See also[edit]

References[edit]

  1. ^ Tucker, Benjamin (1890). "State Socialism and Anarchism". Panarchy.org. Retrieved 7 November 2011.
  2. ^ Ellman, Michael (2014). Socialist Planning, Third Edition. Cambridge University Press. p. 11. ISBN 1107427320. Accordingly, after World War II the Soviet model was adopted throughout the state-socialist world.
  3. ^ Howard, M. C.; King, J. E. (2001). "'State Capitalism' in the Soviet Union". Retrieved 27 December 2019.
  4. ^ Chomsky, Noam (1986). "The Soviet Union Versus Socialism". Our Generation. Chomsky.info. Retrieved 20 October 2015.
  5. ^ Wolff, Richard D. (27 June 2015). "Socialism Means Abolishing the Distinction Between Bosses and Employees". Truthout. Retrieved 9 July 2015.
  6. ^ Costello, Mick (1977). Workers' Participation in the Soviet Union. Novosti Press Agency Publishing House.
  7. ^ Berlau 1949, p. 21.
  8. ^ Bakunin, Mikhail (1873). "Statism and Anarchy". Marxists.org. Retrieved 27 December 2019. "The theory of statism as well as that of so-called 'revolutionary dictatorship' is based on the idea that a 'privileged elite,' consisting of those scientists and 'doctrinaire revolutionists' who believe that 'theory is prior to social experience,' should impose their preconceived scheme of social organization on the people. The dictatorial power of this learned minority is concealed by the fiction of a pseudo-representative government which presumes to express the will of the people".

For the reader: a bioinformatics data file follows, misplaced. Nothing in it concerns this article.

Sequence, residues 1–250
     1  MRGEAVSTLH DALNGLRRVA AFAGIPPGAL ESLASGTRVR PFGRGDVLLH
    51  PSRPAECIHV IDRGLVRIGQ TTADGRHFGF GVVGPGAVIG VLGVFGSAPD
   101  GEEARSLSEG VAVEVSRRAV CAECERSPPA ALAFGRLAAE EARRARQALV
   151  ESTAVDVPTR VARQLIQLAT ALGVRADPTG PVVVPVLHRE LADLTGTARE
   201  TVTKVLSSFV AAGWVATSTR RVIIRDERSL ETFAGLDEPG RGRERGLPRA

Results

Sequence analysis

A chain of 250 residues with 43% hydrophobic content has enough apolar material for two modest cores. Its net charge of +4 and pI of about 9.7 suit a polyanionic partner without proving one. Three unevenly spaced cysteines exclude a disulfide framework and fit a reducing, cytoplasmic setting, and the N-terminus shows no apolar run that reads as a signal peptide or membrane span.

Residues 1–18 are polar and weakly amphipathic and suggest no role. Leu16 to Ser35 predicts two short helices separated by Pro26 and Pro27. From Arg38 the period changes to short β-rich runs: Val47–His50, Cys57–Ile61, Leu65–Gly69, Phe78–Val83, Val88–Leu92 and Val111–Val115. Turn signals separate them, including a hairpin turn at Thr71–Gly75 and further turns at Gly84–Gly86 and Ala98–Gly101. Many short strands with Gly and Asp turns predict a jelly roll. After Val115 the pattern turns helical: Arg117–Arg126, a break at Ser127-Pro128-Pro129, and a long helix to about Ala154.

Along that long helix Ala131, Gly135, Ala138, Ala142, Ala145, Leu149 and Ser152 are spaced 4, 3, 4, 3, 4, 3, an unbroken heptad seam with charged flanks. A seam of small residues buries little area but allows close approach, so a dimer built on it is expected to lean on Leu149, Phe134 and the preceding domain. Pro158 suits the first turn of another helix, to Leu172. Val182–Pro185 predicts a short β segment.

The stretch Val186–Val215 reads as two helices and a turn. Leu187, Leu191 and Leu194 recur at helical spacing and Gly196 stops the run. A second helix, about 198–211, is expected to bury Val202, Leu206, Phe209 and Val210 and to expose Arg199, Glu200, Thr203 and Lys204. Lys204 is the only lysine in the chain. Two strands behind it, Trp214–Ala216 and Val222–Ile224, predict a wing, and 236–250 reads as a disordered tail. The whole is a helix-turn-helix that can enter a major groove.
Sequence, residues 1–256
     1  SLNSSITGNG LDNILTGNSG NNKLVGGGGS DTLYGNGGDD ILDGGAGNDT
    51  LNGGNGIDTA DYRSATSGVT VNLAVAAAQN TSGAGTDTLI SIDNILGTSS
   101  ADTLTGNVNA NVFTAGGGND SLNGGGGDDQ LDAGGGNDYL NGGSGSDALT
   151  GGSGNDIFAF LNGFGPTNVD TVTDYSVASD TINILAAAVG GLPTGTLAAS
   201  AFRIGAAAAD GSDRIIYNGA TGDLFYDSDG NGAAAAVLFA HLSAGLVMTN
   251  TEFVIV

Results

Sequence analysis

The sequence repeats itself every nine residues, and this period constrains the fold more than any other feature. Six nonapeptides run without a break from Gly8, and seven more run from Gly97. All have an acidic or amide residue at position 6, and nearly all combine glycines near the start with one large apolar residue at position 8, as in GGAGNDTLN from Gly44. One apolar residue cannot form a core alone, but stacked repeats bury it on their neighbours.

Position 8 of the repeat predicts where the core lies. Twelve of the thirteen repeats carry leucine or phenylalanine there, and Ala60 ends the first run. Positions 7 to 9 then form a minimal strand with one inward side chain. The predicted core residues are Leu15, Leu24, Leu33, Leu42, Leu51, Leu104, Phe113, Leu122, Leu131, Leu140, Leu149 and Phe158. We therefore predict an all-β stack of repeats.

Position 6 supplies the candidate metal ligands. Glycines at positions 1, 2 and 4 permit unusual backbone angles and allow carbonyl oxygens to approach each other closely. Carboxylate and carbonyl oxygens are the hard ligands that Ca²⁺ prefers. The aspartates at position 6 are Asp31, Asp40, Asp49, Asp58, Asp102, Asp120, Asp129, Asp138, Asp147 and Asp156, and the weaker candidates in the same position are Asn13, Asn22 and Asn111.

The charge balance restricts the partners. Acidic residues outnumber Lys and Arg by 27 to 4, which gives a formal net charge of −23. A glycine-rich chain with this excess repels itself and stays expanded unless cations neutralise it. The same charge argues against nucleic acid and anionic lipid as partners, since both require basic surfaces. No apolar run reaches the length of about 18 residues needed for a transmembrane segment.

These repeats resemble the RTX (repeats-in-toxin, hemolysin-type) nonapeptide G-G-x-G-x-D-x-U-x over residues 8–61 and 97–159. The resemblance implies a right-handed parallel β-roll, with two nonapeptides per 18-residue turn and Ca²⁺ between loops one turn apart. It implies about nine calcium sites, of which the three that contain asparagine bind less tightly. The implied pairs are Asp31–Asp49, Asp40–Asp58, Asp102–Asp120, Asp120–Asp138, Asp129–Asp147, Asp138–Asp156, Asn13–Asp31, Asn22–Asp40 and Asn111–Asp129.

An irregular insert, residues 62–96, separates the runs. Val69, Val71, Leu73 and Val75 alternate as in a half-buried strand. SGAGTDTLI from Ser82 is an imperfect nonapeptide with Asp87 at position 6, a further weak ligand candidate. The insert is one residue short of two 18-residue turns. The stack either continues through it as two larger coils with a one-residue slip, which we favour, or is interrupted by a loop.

9. ^ Flank, Lenny (August 2008). Rise and Fall of the Leninist State: A Marxist History of the Soviet Union. Red and Black Publishers. p. 57. ISBN 1-931859-25-6. Lenin defended his actions, arguing that the Revolution could be consolidated 'only through dictatorship, because the realization of the transformations immediately and unconditionally necessary for the proletariat and the peasantry will call forth the desperate resistance of the landlords, of the big bourgeoisie, and of Tsarism. Without dictatorship, it would be impossible to defeat counter-revolutionary efforts.